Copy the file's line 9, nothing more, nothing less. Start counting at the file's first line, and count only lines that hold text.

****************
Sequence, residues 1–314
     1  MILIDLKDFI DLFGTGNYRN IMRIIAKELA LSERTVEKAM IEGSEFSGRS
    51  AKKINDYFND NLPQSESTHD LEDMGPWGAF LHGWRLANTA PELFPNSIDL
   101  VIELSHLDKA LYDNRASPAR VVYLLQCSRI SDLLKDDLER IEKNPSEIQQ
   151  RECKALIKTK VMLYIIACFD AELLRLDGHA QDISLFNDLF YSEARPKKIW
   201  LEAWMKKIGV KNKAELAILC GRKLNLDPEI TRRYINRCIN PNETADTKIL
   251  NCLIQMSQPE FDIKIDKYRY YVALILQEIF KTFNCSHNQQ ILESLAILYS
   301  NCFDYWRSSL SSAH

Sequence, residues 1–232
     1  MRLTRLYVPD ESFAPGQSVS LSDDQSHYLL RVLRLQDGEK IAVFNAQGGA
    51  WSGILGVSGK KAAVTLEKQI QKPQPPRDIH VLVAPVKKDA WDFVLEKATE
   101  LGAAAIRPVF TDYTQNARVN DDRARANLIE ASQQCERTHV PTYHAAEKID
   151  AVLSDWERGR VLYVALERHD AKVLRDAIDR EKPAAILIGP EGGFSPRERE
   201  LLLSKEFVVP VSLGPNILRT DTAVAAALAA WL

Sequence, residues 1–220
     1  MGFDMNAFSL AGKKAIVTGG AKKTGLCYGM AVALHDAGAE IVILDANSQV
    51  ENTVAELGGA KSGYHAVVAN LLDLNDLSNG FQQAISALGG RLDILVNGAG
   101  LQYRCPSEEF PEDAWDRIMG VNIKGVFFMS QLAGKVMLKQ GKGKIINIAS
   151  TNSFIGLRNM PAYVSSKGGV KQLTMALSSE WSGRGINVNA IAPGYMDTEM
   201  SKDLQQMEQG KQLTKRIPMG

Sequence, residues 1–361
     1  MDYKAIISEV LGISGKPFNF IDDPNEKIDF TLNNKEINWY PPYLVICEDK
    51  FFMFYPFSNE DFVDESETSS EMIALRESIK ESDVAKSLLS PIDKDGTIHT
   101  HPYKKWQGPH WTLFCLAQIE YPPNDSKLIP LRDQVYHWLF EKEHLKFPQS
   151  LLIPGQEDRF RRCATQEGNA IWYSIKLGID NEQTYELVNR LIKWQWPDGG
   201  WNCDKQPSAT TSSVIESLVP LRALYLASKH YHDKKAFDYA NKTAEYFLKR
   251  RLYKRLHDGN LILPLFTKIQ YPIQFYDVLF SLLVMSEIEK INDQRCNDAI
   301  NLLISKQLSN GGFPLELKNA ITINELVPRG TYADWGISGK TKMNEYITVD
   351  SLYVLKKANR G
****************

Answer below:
Sequence, residues 1–232